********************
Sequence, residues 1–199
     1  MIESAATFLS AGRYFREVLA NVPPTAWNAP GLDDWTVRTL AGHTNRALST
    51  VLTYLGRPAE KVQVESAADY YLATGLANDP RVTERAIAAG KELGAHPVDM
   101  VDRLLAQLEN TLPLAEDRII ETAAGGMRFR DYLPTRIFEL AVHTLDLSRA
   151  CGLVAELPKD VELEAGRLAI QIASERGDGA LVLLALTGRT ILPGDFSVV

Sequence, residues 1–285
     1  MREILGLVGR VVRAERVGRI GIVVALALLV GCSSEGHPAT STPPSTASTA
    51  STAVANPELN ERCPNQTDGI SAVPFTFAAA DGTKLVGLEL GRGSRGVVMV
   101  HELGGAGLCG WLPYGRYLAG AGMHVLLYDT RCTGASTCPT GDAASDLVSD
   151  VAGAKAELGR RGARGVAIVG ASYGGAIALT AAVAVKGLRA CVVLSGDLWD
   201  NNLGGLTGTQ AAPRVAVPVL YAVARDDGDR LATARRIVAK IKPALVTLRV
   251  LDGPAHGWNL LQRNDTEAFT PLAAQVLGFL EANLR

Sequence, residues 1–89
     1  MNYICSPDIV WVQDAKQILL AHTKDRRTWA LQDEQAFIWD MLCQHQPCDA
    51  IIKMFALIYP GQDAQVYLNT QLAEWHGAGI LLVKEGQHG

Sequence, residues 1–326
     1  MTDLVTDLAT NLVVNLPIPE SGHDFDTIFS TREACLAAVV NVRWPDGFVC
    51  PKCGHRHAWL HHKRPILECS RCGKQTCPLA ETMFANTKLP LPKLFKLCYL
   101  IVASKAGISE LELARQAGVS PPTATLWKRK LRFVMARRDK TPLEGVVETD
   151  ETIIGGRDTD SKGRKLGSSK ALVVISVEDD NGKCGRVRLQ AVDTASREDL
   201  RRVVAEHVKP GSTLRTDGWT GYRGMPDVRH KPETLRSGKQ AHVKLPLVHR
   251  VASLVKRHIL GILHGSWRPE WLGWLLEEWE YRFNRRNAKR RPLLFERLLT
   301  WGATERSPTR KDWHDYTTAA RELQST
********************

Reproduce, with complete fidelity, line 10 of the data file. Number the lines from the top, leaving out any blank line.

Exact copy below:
   151  VAGAKAELGR RGARGVAIVG ASYGGAIALT AAVAVKGLRA CVVLSGDLWD